Though a lot of people associate men’s heels exclusively with the disco era, they had actually gained popularity with the mainstream long before John Travolta ever set a hustling foot on a lighted floor. In fact, the heels of Tony Manero’s boogie shoes were actually low compared to some of the men’s styles that came earlier in the 1970s.
Recording and performing artists of glam, rock and soul, like David Bowie, Marc Bolan, Peter Frampton, and members of The Jackson 5 were just a few of the male celebrities that helped popularize the men’s “high heel” trend in the early part of the 1970s.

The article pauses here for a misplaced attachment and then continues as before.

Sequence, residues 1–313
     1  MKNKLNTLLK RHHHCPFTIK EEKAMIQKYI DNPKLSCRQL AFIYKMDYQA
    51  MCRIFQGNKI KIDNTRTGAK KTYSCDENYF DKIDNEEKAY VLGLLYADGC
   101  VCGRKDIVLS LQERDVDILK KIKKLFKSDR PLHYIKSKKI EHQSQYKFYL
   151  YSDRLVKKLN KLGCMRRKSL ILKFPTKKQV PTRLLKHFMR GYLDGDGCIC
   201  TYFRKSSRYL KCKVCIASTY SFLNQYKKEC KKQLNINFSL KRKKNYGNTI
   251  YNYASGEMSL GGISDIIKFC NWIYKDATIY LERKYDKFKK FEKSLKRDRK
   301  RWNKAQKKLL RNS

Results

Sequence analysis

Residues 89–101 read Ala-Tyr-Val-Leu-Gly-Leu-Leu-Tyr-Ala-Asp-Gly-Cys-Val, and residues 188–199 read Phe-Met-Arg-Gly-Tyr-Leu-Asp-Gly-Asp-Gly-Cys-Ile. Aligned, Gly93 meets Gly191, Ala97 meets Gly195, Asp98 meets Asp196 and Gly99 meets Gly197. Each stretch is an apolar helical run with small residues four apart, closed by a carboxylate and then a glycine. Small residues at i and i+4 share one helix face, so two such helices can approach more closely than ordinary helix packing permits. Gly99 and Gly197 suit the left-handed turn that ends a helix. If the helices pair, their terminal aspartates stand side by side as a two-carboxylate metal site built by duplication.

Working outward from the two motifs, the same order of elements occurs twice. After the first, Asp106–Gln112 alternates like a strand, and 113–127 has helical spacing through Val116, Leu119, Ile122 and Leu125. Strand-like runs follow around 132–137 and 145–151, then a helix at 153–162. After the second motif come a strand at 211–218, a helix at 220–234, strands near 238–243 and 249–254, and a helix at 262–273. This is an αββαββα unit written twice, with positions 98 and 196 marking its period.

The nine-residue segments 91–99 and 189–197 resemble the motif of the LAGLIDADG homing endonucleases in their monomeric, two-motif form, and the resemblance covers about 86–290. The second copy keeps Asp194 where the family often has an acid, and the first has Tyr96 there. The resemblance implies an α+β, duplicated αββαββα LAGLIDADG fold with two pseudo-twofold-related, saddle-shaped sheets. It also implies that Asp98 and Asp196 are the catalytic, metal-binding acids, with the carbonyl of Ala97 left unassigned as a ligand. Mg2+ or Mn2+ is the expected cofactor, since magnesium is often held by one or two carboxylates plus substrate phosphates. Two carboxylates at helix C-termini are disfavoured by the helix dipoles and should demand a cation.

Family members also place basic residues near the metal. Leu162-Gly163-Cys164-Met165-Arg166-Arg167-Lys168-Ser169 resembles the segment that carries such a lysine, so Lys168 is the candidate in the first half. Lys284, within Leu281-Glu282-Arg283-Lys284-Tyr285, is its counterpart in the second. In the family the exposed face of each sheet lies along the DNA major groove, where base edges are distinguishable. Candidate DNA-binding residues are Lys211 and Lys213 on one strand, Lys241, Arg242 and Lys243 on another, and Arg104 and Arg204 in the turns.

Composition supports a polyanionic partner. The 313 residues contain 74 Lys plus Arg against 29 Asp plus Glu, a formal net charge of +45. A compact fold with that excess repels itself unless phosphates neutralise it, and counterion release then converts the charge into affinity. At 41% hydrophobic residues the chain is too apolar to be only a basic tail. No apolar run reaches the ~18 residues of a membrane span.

In those earlier years, very high, block or chunky heels were usually paired with extremely thick platform soles. Later in the decade, however, the height of the heels came down, while the platform soles were thinner, or completely eliminated.
Shoes with sky-high platforms, like chopines, date back to at least the 15th century. And, even modern platform shoes, like the styles we see today, had been in fashion in both the 1930s and the 1960s, before completely taking over in the 1970s.
David Bowie, ca. 1970s.
George Clinton, 1978.
An early version of AC/DC with vocalist Dave Evans looking very glam (far left) with Angus (the only one not wearing heels) and Malcolm Young.
Marvin Gaye’s signature silver platform boots made by Gaye’s wife, Janis, ca. 1970s.
Johnny Thunders and David Johansen of the New York Dolls, 1973.
Gene Simmons, his sick platform boots, and KISS’s young minions.
KISS walking on the street of New York City, 1976.